When Is It Time To Replace Your Car Battery?

The battery is possibly one of the most important features of your vehicle. It makes everything happen. Without one your car wouldn’t start, you couldn’t operate any lights, and there would be no radio. As a crucial component of your vehicle, it is a good idea to know when you to replace the battery. It is also good to see warning signs that your battery is going bad.

While a vehicle not starting can often be confused with the starter, a battery problem presents itself differently. Some red flags will give you a good indication that it is time to replace your car battery and they can include the following. How To Clarify Which You Have: A Starter or Battery Problem?

Slow Engine Starts

If you turn the key to your vehicle and it doesn’t start right up or takes longer than usual, this could be a significant indicator you need a battery replacement.

Low Battery Fluid

Checking the battery fluid is one way to see if your car’s battery is on the way out. Some cells have a see-through part of the casing that will allow you to check the fluid level. If the fluid drops below the lead plates, it is time for a new one. Ryan GMW can perform a battery fluid check to see if this is indeed the issue and recommend a battery replacement.

Leaking Battery

Almost everyone has seen this universal sign on a battery. When a cell leaks it creates corrosion. A white buildup presents this, that is typically on the positive and negative posts. There is a good chance you aren’t getting the best connection to the battery corrosion being present. While you can clean the terminals and get a little more life out of the battery, it is also a sign you will probably need a replacement shortly.

Swollen Battery Case

With excessive heat in the engine bay and outside, this can cause a battery to become swollen. The battery will not have it’s same square or rectangle shape. It could have a bulge or bulges on the sides or top of the battery. A bloating battery case will ultimately mean the battery’s life is shortened.

The Age Test

Batteries don’t last forever. While batteries do last a very long time, it is encouraged to have them inspected after three years. After this amount of time, it is a good idea to check it annually. It will ensure it’s operating correctly and free of corrosion. If your car has a ten-year-old battery in it, and you have any of the other symptoms of a failing battery, then it is probably time to replace.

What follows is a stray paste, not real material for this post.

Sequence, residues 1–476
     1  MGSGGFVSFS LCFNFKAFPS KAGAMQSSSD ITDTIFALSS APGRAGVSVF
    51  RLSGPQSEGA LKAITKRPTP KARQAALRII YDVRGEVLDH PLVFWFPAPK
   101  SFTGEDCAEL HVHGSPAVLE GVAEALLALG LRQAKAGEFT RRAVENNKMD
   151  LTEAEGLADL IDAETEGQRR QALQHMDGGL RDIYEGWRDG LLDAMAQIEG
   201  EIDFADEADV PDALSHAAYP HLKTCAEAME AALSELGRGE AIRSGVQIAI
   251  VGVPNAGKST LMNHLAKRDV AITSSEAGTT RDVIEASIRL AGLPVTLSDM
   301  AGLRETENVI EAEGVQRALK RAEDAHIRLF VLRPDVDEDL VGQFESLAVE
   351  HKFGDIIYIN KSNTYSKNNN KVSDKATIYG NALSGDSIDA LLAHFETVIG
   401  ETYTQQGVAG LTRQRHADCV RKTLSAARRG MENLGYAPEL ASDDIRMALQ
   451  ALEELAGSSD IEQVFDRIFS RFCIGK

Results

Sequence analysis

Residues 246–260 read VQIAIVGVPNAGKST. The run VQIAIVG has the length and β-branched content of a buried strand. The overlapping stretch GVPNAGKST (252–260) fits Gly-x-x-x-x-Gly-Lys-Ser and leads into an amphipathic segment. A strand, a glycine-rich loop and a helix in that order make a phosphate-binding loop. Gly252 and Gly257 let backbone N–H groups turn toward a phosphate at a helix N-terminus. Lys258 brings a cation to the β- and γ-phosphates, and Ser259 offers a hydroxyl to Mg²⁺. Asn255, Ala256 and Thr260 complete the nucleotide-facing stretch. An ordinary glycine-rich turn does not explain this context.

How To Properly Clean Battery Terminals?

Your car’s battery is one of the most important parts of your vehicle; it is the driving force as to how your vehicle starts. Having clean, non-corroded battery terminals and cables can make all the difference in how it functions. Can battery corrosion keep a car from starting? If your battery is displaying signs of corrosion, i.e. the gunky white build up surrounding the posts, then yes, it can, in fact, cause your car not to start. The reason being is your battery cables won’t be able to make a significant connection to the terminals to supply power. When you start to notice signs of corrosion, it is best to clean the battery terminals as well as the cables thoroughly. There are some unique, inexpensive tools you can purchase that will make the job go very quickly. If you don’t desire to go out and buy these handy tools you can also use some common household materials to get the job done. How to clean battery terminals with a few tips along the way is very simple.

Things you might need, using household items:

• Wire brush
• Baking soda
• Water
• *Optional petroleum jelly

If you choose the method of buying additional tools, there are special wire brushes designed to clean battery terminals as well as sprays that will loosen the corrosion gunk. Let’s get started!

First, you are going to want to disconnect both the positive and negative cables from the battery terminals. You can utilize either a socket or wrench to loosen the nuts holding the wires. The next part will vary depending on what method you choose, so we’ll start with the household.

Using the baking soda, liberally sprinkle on the terminal and cables. You’ll want to let that sit for a few minutes to start dissolving the corrosion after you will pour water directly on the baking soda that will neutralize the corrosion, and cause a bubbly reaction. It will be now safe to handle. Then you’ll use a wire brush to remove the caked on debris. Make sure you are cleaning the battery terminals and the cables, or anywhere you see corrosion build up. After it is clean, you’ll want to use a cloth to clean the surface. *Tip* If you coat the battery terminals with petroleum jelly, it will still conduct current and help keep corrosion at bay. Then you will just need to reconnect the battery, and you are all done!

If you use the store bought tools, you will do the same as above, except using the manufacturer’s instructions on the spray, and the unique wire brush for the terminals. You will want to spin the terminal brush about five times or more depending on how much corrosion is present.


Keep your car starting every time, by keeping your battery terminals and cables clean and free of corrosion. It should be done periodically, or anytime you notice a build-up occurring.